You too can earn more money from your customers. First, though, run them through a computer

It is well known that the competitive pressure induced by web-based aggregators has driven down first-year commissions in personal lines insurance.

This has spurred some brokers to optimise pricing structures – which has led to a boost in profits and volumes. The benefits can be dramatic: creating a simple though well-developed algorithm can increase customer value by up to half, depending on current pricing, the diversity of business and elasticity of customers.

Also key to profitability is product holding, payment type, renewal rates, cancellation rates, acquisition channel and claims ratio.

The value of customers will vary enormously. It is not untypical for a third of customers to create all of the profits, another third to have little effect and the remainder to be loss-making. In one company I worked, about 20% of customers contributed virtually all the profits.

The customer’s lifetime value must be modelled with consideration to cost categories. The biggest error is to model gross margin, which results in under-pricing.

Price elasticity must be measured by how customers are grouped. Customers should be defined by channel and stage in life cycle, as well as by parameters relating to what and how they are transacting with you.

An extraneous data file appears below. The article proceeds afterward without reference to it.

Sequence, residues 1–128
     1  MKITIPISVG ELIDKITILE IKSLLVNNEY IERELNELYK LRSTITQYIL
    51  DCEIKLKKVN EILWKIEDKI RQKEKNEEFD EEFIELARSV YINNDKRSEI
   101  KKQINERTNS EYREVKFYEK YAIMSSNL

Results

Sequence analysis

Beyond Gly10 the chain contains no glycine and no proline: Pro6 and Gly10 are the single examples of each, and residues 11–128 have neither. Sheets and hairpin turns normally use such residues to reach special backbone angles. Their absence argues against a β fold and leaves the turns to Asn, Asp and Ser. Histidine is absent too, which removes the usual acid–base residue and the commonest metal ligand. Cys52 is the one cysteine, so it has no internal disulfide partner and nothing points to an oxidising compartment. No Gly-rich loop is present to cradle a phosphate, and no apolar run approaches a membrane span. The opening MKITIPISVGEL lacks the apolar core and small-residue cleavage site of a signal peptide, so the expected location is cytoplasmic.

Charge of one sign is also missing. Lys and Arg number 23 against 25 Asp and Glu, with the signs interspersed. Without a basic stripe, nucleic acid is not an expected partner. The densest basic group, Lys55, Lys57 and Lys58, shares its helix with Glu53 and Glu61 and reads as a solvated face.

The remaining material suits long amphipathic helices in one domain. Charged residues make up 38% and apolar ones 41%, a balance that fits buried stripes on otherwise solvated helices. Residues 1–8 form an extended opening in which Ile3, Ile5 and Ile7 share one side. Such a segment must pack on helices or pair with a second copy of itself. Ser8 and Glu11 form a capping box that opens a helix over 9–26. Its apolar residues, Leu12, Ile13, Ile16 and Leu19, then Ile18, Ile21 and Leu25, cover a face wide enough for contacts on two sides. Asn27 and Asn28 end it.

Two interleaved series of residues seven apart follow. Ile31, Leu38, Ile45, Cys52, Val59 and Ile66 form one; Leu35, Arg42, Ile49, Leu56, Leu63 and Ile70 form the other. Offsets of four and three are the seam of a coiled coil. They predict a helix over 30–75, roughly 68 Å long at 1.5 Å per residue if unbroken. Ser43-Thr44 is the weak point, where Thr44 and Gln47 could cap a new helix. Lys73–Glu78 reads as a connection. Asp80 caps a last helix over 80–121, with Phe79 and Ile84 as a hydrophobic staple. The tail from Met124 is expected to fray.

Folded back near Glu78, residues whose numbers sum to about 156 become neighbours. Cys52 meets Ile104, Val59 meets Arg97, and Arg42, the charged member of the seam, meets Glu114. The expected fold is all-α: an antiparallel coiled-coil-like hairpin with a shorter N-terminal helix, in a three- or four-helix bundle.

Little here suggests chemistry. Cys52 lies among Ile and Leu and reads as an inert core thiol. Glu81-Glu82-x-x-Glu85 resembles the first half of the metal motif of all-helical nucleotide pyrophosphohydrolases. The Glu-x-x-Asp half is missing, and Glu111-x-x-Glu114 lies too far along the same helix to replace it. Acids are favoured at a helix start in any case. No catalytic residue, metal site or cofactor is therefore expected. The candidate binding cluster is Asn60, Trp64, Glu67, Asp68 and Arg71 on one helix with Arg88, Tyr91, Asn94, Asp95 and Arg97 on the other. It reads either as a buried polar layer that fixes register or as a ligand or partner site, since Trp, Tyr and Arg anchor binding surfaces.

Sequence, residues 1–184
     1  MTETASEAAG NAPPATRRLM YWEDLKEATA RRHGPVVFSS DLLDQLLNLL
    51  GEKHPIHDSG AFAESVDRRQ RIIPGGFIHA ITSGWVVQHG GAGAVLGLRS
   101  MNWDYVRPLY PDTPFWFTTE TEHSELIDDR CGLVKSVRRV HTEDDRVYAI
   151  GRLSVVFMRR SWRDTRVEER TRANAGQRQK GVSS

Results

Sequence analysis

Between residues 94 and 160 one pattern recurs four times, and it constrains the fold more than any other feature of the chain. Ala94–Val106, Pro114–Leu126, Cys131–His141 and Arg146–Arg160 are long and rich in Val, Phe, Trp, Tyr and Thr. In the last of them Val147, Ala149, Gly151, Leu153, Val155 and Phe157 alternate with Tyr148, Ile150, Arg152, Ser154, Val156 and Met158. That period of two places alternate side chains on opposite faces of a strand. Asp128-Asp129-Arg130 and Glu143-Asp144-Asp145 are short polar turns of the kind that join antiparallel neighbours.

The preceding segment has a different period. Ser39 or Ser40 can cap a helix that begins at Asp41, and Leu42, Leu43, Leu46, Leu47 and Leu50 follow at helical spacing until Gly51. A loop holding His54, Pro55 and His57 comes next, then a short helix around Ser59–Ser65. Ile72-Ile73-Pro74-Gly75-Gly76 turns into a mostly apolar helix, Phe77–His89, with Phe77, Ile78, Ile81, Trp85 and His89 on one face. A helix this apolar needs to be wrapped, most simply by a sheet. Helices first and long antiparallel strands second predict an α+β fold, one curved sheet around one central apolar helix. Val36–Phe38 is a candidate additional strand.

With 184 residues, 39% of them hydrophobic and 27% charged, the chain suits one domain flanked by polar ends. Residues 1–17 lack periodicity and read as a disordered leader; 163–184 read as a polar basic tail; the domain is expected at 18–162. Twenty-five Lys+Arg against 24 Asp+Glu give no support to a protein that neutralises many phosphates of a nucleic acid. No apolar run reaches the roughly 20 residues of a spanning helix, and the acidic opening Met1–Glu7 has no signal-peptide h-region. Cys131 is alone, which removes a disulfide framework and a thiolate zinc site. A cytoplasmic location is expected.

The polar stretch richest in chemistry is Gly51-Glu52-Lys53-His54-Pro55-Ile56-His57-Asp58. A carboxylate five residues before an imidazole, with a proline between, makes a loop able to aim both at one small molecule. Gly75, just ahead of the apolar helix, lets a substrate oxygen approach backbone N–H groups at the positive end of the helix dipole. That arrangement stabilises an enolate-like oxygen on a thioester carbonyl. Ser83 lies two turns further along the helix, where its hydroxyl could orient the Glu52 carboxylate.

Measuring price elasticities can be complex. You need to understand the effect of price on volume, and it is often difficult to disentangle this from other factors.

Be careful not to use sophisticated so-called price optimisation software that is based on conversion rates rather than price elasticity. This results in underpricing in areas of poor performance (and vice versa) without volume returns.

Price optimisation should lead to important decisions. A good model should be versatile, transparent and flexible. But over-simple models do not provide all the information to make good decisions. They may, for instance, show the effect on the coming 12 months but not on the lifetime of the customer. Over-complex models can be more dangerous; they can be opaque and lead to over-confidence. Pricing then becomes an act of faith in the model.

More often than not, 90% of the potential benefits can be achieved with simple solutions.

Behavioural economist Richard Thaler described the “winners’ curse” – where the winner in an auction offers the most money but ultimately lose out because they have over-valued the item.

Equally, when underwriters find they are writing too much of a certain type of business they increase prices, and rightly so. In a competitive environment, it is more than likely that the underwriter has under-estimated the risk.

The industry standard price optimisation software has been developed against this backdrop.

However, while the underwriter is right to reduce prices if they find they are getting too little business, the broker is not. This can lead to over-investing in consumers they will never attract or hold.

Accordingly, some brokers are using what appears to very sophisticated price optimisation tools but to the wrong effect. IT

Tim Ham is managing director of Pearson Ham, a price optimisation consultancy